Prosecutors handling Ecleo case suffer big blow as PNP fails to identify cadaver
CEBU CITY — In what was seen as a big blow to the prosecutors handling the parricide case against Ruben Ecleo Jr., the medico-legal officer of the Philippine National Police (PNP) told the court that the samples taken from the alleged cadaver of Ecleo’s wife did not yield any DNA profile.
Chief Inspector Francisco Supe Jr. said the taking of blood samples from a minor son of Ecleo may no longer be necessary in light of the successive and continuous failure to yield DNA profile from the samples taken from the alleged cadaver of Alona Bacolod-Ecleo.
In a letter addressed to Judge Geraldine Faith Econg, Supe stated his office exerted “all possible efforts” but failed to make a DNA profile of the body found in Dalaguete in 2002.
Alona’s husband, Ruben Ecleo Jr., the principal suspect in the murder, has asked the court to identify the cadaver.
Aside from the PNP, the National Bureau of Investigation (NBI) and forensic experts of the University of the Philippines are also trying to make a DNA profile out of the cadaver to determine if it is indeed Alona’s remains.
Without any DNA profile record of Alona, the experts are taking samples from her siblings and son to compare with the profile of the cadaver.
Supe said he would not issue an official result on the study because he and other personnel failed to make the DNA profile.
Judge Econg had earlier issued an order compelling a son of cult leader Ecleo Jr. to submit DNA samples to the court to help identify the body of a woman found at a ravine in Dalaguete town, believed to be that of his wife.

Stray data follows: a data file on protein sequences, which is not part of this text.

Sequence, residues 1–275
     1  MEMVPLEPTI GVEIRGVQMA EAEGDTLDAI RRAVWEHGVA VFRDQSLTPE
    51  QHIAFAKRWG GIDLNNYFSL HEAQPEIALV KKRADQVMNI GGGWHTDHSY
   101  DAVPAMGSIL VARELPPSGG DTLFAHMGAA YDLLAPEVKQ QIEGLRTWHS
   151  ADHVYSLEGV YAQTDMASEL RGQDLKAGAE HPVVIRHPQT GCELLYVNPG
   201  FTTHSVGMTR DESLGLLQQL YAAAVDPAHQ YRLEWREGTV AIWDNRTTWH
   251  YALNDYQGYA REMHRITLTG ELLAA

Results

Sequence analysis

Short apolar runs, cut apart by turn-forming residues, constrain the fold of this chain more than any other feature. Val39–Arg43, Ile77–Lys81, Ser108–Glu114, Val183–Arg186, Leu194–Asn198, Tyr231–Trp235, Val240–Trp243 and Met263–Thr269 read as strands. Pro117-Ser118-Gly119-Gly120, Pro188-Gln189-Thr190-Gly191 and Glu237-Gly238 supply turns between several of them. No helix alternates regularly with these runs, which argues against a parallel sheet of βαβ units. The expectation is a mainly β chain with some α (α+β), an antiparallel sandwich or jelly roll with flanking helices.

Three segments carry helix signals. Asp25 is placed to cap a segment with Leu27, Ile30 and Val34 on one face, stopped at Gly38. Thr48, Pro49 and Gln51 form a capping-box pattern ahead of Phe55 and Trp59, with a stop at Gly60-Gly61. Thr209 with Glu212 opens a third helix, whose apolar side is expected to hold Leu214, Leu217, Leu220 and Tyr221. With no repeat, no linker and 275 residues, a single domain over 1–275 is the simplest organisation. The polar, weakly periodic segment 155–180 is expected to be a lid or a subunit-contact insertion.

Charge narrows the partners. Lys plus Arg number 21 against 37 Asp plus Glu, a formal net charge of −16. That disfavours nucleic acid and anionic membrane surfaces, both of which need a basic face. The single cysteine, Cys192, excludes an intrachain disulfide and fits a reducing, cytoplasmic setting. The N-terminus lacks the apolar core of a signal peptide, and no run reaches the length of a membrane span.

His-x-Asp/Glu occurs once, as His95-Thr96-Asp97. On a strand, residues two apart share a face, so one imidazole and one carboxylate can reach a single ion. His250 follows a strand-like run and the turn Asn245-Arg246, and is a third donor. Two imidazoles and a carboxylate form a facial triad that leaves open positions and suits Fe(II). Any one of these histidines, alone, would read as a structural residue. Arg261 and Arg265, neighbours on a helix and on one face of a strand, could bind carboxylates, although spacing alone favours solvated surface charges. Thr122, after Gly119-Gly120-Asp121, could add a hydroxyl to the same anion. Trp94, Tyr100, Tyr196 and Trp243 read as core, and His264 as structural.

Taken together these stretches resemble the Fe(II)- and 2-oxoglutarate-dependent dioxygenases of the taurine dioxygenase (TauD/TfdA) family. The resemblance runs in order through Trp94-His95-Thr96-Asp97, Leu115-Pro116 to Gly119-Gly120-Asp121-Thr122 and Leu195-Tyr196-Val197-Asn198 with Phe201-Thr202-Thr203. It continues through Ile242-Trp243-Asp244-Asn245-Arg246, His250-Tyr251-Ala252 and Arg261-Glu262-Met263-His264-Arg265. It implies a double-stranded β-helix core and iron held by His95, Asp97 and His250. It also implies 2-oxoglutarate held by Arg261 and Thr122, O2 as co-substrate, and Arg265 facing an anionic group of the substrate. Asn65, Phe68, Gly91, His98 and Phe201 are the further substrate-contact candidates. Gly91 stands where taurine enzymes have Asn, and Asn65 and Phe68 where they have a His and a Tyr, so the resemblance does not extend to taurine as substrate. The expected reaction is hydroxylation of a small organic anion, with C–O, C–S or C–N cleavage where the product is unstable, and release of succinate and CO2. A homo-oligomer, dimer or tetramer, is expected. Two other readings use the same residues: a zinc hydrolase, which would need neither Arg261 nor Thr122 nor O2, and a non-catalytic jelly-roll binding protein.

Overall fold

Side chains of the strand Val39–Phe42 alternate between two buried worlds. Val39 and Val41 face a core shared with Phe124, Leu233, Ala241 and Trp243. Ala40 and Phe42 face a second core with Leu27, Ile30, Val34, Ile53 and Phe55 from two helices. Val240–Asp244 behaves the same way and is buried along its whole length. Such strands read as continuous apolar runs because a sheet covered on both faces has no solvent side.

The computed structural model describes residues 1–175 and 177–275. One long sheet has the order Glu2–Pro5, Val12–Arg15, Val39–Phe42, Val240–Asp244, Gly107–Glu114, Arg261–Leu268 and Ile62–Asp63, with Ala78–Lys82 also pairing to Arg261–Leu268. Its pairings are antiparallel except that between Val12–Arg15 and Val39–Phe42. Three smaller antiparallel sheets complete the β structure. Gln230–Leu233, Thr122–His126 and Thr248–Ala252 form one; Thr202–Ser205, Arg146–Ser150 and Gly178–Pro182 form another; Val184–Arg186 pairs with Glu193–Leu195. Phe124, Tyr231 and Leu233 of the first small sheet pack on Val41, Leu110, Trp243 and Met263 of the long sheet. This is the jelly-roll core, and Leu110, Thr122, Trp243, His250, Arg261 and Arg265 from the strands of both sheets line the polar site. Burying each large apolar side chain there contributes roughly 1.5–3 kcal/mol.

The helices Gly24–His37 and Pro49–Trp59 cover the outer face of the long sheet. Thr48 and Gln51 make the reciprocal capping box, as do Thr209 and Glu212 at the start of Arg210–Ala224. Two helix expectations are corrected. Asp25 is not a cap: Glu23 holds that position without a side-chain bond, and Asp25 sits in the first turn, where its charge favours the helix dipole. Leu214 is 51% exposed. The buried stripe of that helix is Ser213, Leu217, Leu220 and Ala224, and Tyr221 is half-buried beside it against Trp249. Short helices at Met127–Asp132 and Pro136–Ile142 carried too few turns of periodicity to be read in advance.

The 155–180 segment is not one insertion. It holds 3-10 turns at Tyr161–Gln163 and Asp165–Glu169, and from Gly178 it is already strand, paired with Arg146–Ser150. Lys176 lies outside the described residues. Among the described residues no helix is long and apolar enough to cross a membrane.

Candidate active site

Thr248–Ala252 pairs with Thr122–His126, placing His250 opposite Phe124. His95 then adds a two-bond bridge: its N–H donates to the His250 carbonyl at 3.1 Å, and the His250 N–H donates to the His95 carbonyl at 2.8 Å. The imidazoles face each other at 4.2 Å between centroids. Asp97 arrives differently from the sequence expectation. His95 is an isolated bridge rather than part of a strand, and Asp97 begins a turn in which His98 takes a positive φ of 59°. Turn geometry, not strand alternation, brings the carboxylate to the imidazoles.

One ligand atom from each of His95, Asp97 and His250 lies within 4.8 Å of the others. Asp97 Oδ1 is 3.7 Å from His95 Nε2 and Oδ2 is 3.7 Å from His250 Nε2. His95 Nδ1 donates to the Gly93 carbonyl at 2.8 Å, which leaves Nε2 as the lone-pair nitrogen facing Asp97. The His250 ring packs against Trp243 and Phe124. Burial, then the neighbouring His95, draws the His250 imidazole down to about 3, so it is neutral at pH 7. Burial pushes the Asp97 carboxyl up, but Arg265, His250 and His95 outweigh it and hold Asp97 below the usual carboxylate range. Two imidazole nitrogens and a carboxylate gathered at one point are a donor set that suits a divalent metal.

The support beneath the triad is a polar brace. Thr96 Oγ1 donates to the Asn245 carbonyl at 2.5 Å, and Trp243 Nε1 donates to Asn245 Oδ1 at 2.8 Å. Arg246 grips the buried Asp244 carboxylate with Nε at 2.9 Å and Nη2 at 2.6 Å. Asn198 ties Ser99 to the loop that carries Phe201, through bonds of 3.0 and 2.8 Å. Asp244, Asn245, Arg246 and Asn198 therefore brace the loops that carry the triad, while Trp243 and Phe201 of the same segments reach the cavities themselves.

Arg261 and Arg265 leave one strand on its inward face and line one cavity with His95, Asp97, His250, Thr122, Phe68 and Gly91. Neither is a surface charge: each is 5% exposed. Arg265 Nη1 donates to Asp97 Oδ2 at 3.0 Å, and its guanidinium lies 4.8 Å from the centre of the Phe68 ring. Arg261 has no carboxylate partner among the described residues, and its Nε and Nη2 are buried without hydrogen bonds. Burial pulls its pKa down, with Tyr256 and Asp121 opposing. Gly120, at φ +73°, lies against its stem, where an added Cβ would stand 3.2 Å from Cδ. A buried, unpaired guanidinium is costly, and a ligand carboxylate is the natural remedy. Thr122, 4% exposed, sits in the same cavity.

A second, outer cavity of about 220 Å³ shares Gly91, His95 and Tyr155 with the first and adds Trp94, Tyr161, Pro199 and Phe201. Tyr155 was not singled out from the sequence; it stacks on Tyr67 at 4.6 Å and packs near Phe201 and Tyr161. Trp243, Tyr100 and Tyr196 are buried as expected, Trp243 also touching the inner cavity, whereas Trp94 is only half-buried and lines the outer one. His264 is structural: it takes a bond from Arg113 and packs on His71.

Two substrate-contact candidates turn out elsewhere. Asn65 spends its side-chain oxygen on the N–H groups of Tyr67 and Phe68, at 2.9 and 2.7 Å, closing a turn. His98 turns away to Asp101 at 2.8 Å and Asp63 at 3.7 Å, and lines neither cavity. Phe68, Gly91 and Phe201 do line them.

In a three-page order, Econg granted a motion of the prosecution panel and compelled Ludwig Van Ecleo to submit DNA samples for analysis.
The prosecution had earlier filed the motion to have Ludwig undergo a DNA test to help determine the identity of the dead woman whom they claimed was Ecleo’s wife. However, Econg set two conditions before Ecleo’s son is subjected to the DNA test.
First, the lady judge said, the National Bureau of Investigation, University of the Philippines forensic experts, and the PNP Crime Laboratory should submit a categorical declaration that they could identify the body of the woman.
Another condition is that the court must be assured that the DNA testing will not cause negative emotional or psychological effect on Ecleo’s son.
Econg assigned RTC social worker Romeo Capampangan to interview Ecleo’s son and further make a study to determine if there is any negative emotional or psychological effect.
The prosecution team handling the case of Ecleo had earlier petitioned the court to compel Ecleo’s son to obey the court order and give DNA samples.
In its motion, the prosecution panel stated that the child’s discomfort should not supersede the interest of justice. The panel also said that allowing the child to forego the giving of DNA samples just because he is not comfortable doing it would give other persons a reason to refuse a valid court order.